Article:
Another key to learning is to find your balance between active and passive learning. It may speak for itself, but active learning is when you're more intentionally engaged with the subject at hand. For example, this is when you're actually coding, pair programming, or outlining how you want your app/project to look. It's more intensive than passive learning and you need to take breaks from it. Passive learning is when you may be watching a lecture, a tutorial, or looking over your notes. Passive learning also occurs when you're totally removed from coding (or whatever you're learning) and letting your mind focus on other things. You're essentially letting your mind process everything you've learned.

Get an adequate amount of sleep for your mind to rest so all of that studying doesn't go to waste.

Be Humble

In my opinion, ego is valueless during this bootcamp. We're reminded to be open to learning and consider ourselves beginners (because it's true). You've just started out coding, or maybe you've coded before, but there's so much more to learn, and being excited about that will motivate you on the daily. It's okay to be wrong, it's okay to try new things out, and it's okay if you can't understand a concept on the first day or first week. Listen to your peers, instructors, and don't get stuck doing something one way. One mantra I've adopted from another student is, "You can't code in your feels." Step away from the computer and recenter yourself. Go for a walk, pet a cute animal, or meditate. The computer's not wrong, you're wrong and coming to terms with that will make you successful in the long run.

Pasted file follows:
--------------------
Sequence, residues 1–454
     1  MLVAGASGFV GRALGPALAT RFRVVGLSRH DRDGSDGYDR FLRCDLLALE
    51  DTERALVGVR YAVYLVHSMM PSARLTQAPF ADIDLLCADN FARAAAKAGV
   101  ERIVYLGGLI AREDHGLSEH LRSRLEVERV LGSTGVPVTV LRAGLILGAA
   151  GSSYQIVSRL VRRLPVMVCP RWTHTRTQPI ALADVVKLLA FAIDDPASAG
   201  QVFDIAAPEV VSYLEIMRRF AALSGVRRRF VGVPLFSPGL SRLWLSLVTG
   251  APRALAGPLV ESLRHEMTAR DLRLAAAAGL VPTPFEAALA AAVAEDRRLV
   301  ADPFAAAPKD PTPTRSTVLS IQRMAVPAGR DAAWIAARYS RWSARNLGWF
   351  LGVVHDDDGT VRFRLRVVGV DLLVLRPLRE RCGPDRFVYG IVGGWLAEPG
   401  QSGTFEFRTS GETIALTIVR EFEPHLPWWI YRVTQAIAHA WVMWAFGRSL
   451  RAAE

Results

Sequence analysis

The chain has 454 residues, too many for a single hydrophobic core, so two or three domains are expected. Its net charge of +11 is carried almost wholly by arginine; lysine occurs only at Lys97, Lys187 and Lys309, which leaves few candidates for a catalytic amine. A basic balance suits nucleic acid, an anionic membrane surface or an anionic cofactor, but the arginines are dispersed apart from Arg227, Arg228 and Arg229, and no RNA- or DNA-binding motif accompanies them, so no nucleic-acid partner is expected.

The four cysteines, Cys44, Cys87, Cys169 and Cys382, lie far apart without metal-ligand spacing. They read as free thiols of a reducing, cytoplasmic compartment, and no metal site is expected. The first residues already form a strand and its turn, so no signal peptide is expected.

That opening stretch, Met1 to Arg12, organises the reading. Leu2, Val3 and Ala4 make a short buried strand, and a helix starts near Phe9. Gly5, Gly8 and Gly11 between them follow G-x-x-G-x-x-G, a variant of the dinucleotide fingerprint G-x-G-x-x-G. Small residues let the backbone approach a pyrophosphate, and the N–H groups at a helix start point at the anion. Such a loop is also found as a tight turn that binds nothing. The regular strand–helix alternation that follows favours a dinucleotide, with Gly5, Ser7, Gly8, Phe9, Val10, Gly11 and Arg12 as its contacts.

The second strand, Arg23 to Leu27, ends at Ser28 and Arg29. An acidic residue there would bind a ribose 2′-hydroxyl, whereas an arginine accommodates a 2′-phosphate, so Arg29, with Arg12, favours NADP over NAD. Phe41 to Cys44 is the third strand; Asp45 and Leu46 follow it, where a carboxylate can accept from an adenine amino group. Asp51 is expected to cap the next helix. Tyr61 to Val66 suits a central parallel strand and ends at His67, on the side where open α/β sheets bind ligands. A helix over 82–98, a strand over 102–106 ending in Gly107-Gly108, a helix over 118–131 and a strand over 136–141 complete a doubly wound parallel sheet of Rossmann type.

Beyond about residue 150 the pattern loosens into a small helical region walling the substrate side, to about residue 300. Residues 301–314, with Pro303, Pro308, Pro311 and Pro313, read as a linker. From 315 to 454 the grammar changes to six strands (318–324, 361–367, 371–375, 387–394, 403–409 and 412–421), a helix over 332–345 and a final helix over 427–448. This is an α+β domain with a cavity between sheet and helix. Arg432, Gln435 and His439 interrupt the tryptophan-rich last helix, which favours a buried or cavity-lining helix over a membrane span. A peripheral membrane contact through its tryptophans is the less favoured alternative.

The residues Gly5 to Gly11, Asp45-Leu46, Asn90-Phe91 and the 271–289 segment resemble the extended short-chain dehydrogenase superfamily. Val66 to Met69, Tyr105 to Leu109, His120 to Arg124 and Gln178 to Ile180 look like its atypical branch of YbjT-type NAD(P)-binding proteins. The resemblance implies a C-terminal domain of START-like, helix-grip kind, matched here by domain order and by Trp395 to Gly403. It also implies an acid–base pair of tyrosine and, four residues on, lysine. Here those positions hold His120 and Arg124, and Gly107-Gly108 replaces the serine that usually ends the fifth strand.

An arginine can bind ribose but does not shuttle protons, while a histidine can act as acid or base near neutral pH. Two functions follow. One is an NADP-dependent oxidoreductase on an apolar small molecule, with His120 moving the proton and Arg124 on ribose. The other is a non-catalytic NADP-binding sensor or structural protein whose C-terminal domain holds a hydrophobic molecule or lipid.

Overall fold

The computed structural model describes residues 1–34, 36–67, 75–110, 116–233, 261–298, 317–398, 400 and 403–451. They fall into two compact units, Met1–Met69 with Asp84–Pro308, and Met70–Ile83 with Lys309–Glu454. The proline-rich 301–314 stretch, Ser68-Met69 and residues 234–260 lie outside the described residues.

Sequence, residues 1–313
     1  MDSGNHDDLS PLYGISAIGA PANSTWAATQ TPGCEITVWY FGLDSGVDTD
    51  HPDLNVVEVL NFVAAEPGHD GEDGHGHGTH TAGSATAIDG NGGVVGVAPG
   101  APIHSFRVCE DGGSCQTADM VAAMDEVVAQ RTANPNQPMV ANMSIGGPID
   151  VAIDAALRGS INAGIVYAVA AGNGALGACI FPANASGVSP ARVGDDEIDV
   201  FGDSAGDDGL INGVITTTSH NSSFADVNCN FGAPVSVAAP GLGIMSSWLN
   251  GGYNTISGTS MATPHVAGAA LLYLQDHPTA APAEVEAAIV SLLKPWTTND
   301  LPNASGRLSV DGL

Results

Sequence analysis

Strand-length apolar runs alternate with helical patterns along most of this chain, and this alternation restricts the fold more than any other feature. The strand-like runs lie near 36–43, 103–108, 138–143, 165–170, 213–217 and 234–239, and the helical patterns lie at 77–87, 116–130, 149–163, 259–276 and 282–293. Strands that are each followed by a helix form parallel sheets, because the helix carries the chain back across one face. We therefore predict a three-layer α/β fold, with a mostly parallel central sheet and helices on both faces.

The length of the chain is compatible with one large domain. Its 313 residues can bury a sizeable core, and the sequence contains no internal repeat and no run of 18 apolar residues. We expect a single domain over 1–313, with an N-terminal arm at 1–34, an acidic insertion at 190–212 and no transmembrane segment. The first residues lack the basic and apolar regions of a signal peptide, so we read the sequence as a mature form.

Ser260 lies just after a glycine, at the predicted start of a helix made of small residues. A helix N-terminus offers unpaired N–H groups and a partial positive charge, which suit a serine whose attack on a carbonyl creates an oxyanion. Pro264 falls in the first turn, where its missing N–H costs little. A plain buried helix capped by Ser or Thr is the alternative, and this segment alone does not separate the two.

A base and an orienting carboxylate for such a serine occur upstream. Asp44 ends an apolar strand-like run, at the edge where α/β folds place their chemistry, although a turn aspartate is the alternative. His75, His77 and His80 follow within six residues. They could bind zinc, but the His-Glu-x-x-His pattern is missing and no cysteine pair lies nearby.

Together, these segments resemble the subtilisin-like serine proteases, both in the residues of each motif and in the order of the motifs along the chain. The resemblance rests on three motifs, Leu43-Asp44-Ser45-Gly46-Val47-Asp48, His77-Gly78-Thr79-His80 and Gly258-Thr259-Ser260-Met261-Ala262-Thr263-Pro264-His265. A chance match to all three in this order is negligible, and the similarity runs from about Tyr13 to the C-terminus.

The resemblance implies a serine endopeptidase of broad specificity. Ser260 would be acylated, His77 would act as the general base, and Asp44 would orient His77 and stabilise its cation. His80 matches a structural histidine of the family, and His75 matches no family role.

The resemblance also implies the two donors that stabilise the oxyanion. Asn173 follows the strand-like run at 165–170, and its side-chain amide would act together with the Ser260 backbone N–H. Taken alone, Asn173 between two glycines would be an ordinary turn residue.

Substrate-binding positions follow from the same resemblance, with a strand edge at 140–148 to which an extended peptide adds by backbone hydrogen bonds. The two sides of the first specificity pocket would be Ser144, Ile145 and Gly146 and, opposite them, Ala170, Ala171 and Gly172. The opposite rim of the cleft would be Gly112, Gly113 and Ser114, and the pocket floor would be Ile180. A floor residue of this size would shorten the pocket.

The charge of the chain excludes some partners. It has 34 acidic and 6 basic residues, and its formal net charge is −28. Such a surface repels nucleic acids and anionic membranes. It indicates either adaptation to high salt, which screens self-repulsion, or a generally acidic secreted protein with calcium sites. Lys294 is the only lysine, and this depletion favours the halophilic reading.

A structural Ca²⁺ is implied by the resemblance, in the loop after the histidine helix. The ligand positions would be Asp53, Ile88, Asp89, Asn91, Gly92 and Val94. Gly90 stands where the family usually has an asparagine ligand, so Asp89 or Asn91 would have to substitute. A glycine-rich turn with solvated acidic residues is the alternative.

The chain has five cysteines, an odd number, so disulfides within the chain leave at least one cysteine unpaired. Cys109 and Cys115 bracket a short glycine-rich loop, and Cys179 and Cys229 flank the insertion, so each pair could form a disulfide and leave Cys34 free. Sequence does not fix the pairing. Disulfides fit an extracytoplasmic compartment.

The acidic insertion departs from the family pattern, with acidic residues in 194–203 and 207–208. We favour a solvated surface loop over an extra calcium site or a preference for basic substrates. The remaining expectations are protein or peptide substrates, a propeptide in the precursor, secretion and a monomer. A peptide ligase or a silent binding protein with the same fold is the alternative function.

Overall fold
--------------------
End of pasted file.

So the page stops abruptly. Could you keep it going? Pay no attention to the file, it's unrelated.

Make Friends!

You've just joined a school where all of your peers are intentionally in this program because they want to learn how to code! How revolutionary is that, wanting to go to school and learning is fun? Not only that, I've found a community (read: cult) of people who have inspired me, motivated me, challenged me, and gotten me through some of the tougher moments of the curriculum (thanks JavaScript). On a more serious note, the collaborative aspect of an immersive bootcamp is invaluable.